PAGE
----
So. Take a deep breath. A posture of utter humility before the mystery and grandeur of life is appropriate. And be cool. It's going to be OK.
And also just generally reassuring kids about all this nonsense is appropriate too, don't you think? So could you just tell the kid that you love him and that how we develop sexually is just one part of who we are, and that however you develop it's completely and totally fine? Could you just tell him that you were 13 once and you remember it's a very weird and uncomfortable time, and that though you have rules in your house your No. 1 rule is that you love your kids and you're there for them?
Could you just do that?
Some people will say that no matter what you say to the kid he's going to look at you like you're a Martian. May he will. And maybe you are a Martian. Maybe I'm a Martian too. We don't know for sure.
There's a whole lot about others we don't know for sure. There's a whole lot about ourselves that we don't know. We're complicated creatures. It's OK to not know everything. Stick to the basics.
We can't pretend to know in all cases who our kids really are or what's right for them. They just landed here. They're trying to figure out the game. A lot of the rules look very weird. They need to know that basically, despite all the bullshit, they are loved and they're going to be taken care of -- no matter what.
So I say try to relax about this, Dad, and think about what really matters -- that this is your son that you love like nothing else, that you're on his side and will support him as he grows, no matter what.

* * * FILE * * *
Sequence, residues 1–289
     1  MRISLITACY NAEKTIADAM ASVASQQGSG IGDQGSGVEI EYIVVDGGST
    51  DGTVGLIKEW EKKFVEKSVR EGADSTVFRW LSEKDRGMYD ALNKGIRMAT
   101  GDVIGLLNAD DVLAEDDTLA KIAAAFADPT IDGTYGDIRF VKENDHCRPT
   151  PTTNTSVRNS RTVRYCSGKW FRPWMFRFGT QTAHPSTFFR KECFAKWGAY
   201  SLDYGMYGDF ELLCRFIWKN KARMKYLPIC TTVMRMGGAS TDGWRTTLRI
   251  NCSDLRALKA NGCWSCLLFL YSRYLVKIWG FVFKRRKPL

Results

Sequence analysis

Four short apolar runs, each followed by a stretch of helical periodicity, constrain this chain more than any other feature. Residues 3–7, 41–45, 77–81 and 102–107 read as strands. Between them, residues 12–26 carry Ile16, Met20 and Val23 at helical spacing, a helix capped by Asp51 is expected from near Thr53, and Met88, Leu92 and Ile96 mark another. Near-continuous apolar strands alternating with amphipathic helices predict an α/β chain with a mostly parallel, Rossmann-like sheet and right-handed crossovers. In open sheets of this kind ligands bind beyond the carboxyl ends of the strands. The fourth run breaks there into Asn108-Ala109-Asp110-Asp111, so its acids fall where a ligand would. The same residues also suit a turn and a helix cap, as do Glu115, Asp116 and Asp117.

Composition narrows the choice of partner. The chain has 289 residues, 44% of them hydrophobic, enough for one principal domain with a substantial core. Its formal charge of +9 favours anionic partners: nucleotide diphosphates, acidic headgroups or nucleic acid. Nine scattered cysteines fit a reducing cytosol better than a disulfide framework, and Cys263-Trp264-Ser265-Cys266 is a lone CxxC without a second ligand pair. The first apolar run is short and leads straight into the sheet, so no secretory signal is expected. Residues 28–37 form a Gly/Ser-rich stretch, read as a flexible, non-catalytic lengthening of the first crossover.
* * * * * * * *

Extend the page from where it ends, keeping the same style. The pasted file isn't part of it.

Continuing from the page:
And as to the community of which you and your family are a part, just, like, tell anybody who thinks it's weird or abnormal to just, I don't know, to just get a tiny bit smarter, to just dig a tiny bit deeper into themselves, to just, like, let the world evolve and become what it is becoming without interfering and thinking they know best because they don't. They're not God. They don't make people who they are. People come into being, and who they are is a mystery to us. We are bystanders at the magic show. The world is becoming what it's becoming with little regard to our opinions. It's not going to ask us whether it should produce gay people or straight people. People are just coming into the world at an alarming rate and becoming who they are and anyone who thinks hard about it can only conclude that our most dignified and respectful stance is one of reverence and amazement and service -- to our kids, to our fellow people, to the planet. Reverence. Service. And less crazy talk -- from all quarters.
Know what I mean? If he's gay, it's fine. He's your son. You love him. Period.
Thanks. I could so easily be that kid. And that's what I would want if I was that kid, to be loved no matter what, let the chips fall where they may.
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What? You want more?